The October 2013 Reading Comprehension section presented many test takers with some degree of challenge, following the trend in recent years to shift more of the test’s difficulty to the Reading Comprehension section.
Opening the section was a Science passage that dealt with a whole new infectious agent (prions, a recently discovered protein pathogen that causes Creutzfeldt-Jacob Disease but normally exist innocuously as non-pathogenic cellular proteins). Technical and scientific terms tend to throw off many test takers, but those who were able to get past the jargon found a fairly straightforward passage. Reading comprehensions sections are generally comprised of mostly Must be True question, and that was true of this section as well, but the questions that followed the first passage made for an interesting mix: beyond the standard Main Point and two Must questions, there was an Evaluate the Argument question (#3), a Weaken question (#7), and two Cannot be True questions in a row (#5 and #6).
The author of the second passage in the section discusses Katherine Dunham’s technique, “dance isolation,” which she brought to North American dance thanks to her dual specialties of choreography and anthropological research. Since there wasn’t much overlap between people with expertise in dance and those with expertise in social research, Dunham pioneered in dance ethnology, in turn teaching techniques to others and integrate the moves into new forms of ballet, establishing African American dance as an art form. Some students found the language and content of this passage challenging, as well as the Parallel Reasoning question, Subject Perspective question, and Author’s Perspective questions that were included in the questions that followed the passage.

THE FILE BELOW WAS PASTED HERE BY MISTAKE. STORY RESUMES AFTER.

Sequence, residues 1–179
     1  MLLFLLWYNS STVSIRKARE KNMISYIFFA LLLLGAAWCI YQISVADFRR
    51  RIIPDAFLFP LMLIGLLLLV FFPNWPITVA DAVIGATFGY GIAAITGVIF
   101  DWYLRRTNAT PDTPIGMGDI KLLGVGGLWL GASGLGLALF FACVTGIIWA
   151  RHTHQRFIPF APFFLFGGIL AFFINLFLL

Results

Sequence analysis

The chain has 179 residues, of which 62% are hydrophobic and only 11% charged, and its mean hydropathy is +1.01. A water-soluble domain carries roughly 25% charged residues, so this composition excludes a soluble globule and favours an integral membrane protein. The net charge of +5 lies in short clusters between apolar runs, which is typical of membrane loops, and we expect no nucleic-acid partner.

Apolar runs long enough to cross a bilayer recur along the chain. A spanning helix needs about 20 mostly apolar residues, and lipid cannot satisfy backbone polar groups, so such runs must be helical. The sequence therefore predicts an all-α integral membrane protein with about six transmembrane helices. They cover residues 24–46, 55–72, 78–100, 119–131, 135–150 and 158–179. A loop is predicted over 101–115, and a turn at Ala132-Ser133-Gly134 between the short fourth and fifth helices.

Passage Set Three:
Next came Social Science in the Comparative Reading Passages, both of discussed a study by researchers Solnick and Hemenway that dealt with the issues of wealth and happiness. (The study had people choose between a first option, making $50,000 per year with everyone else making $25,000, and second option of making $100,000 per year with everyone else making $200,000). Since the majority of respondents chose the first, the author of the first passage concludes that rivalry drives such decisions. The second author deals with the same study, but concludes that wanting more than others is evidence of the desire to add value to a society. The language used in the Comparative Reading passages was not overly sophisticated, but to do well on the questions that followed, it was vital that test takers retain a solid grasp on the two author’s respective perspectives—as is generally the case with Comparative Reading sets.
The final passage in the section, Law and Regulation passage, explores the issues of the determination of risk, both voluntary and involuntary, and protective government intervention. The issues include the difficulty of where to draw the line between voluntary and involuntary assumption of risk, and the fact that such characterizations can often, in reality, speak to underlying value determinations. The author concludes that these issues should be better understood if they are to affect policies surrounding government risk intervention. Much of the difficulty associated with this passage appeared in the questions;given that the question include three Author’s Perspective questions and a Purpose question, students needed a good understanding of the author’s tone and perspective.